Yesterday Fedora 9 was announced. Using Fedora can give you a look at what may be in Red Hat Enterprise Linux down the road – and give you an exciting Linux distribution to boot.
There are a number of new exciting features to be found in Fedora 9. First, everything is updated to the latest versions, including GNOME 2.22, KDE 4.0.3, and Xfce 4.4.2.
Fedora 9 introduces the new filesystem ext4 as an option. While ext4 remains an experimental filesystem, it may be good to try it out. Like ext3, it remains compatible in both directions (an ext4 filesystem can be mounted as ext3, and vice versa).
Fedora 9 also replaces the System V initd process with an event-based replacement, upstart. Upstart was created and developed for Ubuntu Linux, and has spread to Fedora and Debian. Each process is started through a response to an event, and each process may generate another event.
Fedora 9 has several different spins or variations based on different sets of packages. For example, there could be a KDE spin, a GNOME spin, and a Xfce spin for example. The Fedora project has a page tracking spins for those who might be interested in custom spins.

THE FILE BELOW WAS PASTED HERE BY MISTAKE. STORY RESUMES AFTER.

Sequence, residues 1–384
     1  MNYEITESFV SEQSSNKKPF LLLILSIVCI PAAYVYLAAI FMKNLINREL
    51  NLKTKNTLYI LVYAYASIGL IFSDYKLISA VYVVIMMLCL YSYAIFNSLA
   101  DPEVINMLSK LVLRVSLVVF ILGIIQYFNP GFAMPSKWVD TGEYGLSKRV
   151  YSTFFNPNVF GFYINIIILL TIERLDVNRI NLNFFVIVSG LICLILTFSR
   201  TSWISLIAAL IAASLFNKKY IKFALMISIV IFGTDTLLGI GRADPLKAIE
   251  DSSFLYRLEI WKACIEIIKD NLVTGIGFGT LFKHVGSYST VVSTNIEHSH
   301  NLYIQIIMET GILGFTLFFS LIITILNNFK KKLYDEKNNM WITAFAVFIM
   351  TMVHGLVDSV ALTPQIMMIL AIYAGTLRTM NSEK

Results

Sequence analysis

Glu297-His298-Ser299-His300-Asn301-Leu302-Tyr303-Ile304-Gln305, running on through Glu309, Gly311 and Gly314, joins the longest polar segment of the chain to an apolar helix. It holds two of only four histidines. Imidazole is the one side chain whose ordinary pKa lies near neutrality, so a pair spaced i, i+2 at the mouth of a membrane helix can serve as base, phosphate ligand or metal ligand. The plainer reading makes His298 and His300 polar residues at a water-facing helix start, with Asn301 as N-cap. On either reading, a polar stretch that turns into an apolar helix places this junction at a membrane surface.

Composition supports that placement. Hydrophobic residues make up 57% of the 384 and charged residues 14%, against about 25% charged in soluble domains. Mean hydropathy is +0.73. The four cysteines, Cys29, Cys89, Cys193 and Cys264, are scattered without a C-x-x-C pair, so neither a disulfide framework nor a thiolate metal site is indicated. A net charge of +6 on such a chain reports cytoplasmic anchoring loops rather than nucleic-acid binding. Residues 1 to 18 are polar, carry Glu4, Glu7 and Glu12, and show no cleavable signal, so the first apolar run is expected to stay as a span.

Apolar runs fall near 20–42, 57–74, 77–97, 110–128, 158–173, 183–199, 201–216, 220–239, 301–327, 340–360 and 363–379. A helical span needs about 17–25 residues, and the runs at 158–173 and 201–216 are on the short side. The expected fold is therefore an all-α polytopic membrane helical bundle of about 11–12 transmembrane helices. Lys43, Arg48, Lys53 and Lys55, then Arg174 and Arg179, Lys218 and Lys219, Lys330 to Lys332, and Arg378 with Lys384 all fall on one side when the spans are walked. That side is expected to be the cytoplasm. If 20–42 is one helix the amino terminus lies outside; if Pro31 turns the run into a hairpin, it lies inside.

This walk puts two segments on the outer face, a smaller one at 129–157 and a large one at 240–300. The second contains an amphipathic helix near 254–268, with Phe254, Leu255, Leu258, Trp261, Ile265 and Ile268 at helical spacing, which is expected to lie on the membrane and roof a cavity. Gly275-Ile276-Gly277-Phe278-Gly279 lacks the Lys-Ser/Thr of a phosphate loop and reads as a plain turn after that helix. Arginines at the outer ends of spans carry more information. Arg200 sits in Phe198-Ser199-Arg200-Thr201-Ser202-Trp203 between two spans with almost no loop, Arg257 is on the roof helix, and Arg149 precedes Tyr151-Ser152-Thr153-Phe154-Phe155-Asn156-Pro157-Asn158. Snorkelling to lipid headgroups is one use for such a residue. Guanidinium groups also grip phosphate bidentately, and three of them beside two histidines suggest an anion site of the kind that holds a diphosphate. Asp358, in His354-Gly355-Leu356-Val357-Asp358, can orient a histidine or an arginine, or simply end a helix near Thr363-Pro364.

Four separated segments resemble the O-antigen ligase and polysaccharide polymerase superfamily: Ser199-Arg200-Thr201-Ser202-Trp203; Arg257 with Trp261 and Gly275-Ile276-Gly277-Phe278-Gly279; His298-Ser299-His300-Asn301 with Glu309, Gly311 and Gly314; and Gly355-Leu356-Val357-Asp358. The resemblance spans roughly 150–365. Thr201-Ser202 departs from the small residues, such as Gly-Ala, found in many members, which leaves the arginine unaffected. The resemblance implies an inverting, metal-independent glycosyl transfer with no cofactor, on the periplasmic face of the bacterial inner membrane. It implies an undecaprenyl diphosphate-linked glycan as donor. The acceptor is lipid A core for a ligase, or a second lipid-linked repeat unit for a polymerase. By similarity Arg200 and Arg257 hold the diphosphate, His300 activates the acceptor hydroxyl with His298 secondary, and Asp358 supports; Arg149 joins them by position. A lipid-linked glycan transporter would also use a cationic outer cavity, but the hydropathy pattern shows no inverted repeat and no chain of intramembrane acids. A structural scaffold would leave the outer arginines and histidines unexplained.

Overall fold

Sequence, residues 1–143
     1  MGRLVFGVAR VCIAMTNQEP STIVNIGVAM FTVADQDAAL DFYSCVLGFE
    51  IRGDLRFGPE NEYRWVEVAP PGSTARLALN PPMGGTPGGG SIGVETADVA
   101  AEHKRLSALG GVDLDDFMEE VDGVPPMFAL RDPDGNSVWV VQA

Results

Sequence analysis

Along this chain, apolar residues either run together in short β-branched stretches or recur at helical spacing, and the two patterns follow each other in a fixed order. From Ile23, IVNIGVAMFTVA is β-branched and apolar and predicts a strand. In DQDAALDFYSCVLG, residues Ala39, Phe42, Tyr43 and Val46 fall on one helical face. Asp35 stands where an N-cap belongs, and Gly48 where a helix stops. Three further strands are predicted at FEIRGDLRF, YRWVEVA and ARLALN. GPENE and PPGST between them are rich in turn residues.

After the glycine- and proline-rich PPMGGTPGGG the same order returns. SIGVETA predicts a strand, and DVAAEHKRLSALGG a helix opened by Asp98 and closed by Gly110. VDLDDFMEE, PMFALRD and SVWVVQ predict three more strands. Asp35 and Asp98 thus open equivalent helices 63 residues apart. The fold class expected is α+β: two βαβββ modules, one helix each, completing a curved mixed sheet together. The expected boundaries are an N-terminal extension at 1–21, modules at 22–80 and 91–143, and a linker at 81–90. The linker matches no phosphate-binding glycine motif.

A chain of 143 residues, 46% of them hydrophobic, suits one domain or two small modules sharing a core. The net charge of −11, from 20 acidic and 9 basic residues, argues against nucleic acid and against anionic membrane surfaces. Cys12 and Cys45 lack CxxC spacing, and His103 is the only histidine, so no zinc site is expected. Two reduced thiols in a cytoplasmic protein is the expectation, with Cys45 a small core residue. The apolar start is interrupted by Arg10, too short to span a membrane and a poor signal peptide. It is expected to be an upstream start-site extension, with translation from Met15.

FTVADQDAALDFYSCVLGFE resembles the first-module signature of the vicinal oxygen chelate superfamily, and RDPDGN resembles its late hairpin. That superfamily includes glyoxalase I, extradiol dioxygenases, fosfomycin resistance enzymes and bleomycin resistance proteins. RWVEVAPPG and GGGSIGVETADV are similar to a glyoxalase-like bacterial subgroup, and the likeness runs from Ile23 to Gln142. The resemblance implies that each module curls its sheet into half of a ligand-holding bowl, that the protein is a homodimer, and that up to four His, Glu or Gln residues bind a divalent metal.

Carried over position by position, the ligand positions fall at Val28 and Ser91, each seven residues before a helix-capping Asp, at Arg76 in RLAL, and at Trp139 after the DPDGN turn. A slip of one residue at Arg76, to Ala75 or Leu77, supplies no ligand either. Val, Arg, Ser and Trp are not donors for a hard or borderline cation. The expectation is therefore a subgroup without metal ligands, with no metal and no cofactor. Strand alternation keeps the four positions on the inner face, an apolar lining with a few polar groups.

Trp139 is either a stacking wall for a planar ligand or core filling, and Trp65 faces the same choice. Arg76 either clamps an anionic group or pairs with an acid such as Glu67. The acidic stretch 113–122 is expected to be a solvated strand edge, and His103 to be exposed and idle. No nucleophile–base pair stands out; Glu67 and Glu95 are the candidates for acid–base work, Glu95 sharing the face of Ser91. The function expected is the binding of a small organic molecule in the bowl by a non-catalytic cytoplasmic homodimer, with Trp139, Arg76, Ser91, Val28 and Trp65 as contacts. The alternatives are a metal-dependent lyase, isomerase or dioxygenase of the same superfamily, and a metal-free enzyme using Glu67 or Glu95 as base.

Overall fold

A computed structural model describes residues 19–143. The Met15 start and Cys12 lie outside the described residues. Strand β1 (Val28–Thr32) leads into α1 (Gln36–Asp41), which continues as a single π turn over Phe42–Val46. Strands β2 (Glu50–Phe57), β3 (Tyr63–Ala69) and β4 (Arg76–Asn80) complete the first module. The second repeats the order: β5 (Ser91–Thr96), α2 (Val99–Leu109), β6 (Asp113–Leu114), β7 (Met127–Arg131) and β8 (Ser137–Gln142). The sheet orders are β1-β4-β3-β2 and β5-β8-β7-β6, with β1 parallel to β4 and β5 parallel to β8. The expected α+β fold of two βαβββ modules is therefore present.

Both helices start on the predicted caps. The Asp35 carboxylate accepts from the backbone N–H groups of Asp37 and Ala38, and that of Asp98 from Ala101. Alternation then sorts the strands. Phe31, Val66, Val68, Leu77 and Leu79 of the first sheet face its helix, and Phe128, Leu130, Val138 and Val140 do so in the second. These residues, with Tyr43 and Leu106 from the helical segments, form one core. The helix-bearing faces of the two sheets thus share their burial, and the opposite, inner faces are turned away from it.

This version of Fedora introduces support for Jigdo, which is a CD distribution mechanism that the Debian project has used for years. I’ve not used Jigdo, but the description given in the release notes suggests a large speedup if you have most of the data already.
It sounds like a very exciting distribution; I’ll be looking around my electronic wasteland to see where to install it.